Google apps have been the most helpful coordination tools. Spreadsheets allow me to keep track of student projects, mentors, deadlines and paperwork. Once the competition dates are set and I know how much funding we have, I can make decisions about which competitions are realistic (based on costs, time away from school and gain), and with the use of Google Sheets and my smartphone calendar, I can keep track of everything digitally. These tools also make it easy to share information with co-teachers, parents and students and give feedback to students through comments and suggestions.

Planning as much as possible ahead of time will help students run their projects more smoothly. Google apps have helped me do this by putting more of the burden on students (such as with mentors, research and experiment planning). When you have more than 12 students completing individual projects, it is essential that they are responsible for their own project and are aware of how the various steps of the process will be evaluated via rubrics.

The last hurdle is coordinating and traveling to competitions. Some have become permanently virtual while others are returning as in-person events. Know how much each is going to cost and coordinate with your funding source to ensure transportation, gas, lodging, meals and entry fees can be covered. Keeping a spreadsheet of the competitions, deadlines, fees, formats, locations and dates is highly recommended as it can be easy to let any of these slip by and may result in students not being able to participate in one or several competitions.

I hope this information encourages you to start simple. Start small, but just start! The benefits of student research are priceless. And who knows, students of all ages may find their passion that leads to a career in a STEM field.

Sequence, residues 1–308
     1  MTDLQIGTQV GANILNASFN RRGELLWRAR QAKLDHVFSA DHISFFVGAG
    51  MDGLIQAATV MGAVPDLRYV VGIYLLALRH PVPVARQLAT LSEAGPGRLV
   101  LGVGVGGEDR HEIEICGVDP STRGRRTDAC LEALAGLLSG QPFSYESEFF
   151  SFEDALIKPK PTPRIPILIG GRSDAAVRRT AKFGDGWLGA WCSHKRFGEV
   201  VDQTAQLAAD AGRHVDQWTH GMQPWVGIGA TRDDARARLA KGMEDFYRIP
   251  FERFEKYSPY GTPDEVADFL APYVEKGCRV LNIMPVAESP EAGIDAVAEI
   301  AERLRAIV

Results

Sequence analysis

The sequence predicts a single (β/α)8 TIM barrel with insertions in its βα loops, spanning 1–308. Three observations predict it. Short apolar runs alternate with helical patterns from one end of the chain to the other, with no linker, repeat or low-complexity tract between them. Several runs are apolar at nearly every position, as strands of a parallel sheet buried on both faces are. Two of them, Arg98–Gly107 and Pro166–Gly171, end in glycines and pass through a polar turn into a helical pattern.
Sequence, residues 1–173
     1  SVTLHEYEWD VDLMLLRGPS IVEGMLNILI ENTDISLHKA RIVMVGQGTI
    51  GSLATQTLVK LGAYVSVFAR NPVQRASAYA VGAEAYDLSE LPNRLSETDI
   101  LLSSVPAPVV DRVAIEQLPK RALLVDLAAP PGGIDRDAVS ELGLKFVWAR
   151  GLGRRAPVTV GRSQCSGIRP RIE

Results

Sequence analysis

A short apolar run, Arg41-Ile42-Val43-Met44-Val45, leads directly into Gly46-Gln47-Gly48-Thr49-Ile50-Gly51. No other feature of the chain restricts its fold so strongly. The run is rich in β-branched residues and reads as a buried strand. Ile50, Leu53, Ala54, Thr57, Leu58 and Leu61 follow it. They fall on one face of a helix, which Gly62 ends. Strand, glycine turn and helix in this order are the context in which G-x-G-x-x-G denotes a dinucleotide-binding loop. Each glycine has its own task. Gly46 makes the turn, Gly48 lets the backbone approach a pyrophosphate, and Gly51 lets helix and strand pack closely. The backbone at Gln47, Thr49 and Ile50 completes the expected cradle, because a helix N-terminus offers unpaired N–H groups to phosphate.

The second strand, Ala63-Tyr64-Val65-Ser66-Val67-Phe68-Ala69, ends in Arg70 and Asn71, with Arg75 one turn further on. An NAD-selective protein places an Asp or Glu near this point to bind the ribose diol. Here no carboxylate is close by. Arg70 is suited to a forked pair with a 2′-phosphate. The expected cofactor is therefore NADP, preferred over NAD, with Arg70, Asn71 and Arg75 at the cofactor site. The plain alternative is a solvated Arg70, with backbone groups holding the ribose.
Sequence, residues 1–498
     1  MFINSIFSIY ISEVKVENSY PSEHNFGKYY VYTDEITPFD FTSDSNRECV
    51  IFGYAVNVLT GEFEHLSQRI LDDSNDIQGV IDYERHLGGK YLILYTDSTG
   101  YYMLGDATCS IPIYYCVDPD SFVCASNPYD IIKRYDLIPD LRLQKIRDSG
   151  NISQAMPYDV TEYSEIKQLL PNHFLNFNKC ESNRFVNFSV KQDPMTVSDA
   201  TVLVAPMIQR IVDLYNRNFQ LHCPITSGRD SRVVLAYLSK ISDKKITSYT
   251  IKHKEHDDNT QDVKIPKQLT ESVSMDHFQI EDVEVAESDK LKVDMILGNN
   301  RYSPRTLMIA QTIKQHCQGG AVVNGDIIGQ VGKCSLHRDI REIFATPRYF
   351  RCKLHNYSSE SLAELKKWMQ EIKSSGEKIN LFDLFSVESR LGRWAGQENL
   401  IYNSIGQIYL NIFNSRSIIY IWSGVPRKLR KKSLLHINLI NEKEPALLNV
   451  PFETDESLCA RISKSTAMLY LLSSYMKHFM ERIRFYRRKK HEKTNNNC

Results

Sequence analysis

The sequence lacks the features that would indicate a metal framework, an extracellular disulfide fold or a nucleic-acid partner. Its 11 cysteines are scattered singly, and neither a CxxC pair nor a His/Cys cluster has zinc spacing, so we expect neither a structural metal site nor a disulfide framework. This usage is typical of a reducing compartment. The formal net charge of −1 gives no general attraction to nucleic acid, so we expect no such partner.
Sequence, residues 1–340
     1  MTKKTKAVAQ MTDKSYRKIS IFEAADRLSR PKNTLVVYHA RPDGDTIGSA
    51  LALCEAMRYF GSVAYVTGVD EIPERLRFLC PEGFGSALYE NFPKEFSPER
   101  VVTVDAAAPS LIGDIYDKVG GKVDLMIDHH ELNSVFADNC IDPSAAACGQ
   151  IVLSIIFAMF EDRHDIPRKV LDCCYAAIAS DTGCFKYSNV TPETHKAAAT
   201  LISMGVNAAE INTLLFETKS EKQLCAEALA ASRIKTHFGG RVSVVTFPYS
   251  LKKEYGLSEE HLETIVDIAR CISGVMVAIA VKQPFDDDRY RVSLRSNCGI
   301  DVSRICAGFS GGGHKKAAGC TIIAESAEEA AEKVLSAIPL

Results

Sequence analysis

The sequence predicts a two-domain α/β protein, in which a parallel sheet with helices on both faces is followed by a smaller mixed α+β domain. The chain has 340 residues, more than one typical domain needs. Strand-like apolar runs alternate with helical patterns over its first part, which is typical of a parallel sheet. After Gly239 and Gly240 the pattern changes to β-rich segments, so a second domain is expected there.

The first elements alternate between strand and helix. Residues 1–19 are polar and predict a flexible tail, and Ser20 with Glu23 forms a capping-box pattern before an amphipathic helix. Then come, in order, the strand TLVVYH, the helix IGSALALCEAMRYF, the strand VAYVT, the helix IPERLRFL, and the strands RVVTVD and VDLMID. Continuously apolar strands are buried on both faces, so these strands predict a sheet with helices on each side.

About DoD STEM and Defense STEM Education Consortium

Defense STEM Education Consortium (DSEC) is a collaborative partnership of STEM-focused organizations dedicated to addressing and prioritizing our nation’s STEM talent. DSEC aims to broaden STEM literacy and develop a diverse and agile workforce with the technical excellence to defend our nation. Through strategic investment in STEM education and outreach activities, the effort will provide students with more exposure to educational and career opportunities as well as DoD research. DSEC is led on behalf of DoD STEM by RTI International.

About Center for Excellence in Education

The Center for Excellence in Education’s (CEE) mission is to nurture the development of gifted and talented high school and university students in the STEM disciplines. All its programs are offered cost free to students who are selected competitively to attend. CEE sponsors three programs: Research Science Institute, USA Biolympiad, and Teacher Enrichment Program. CEE’s role in DSEC is to foster internship opportunities at DoD labs for Research Science Institute alumni.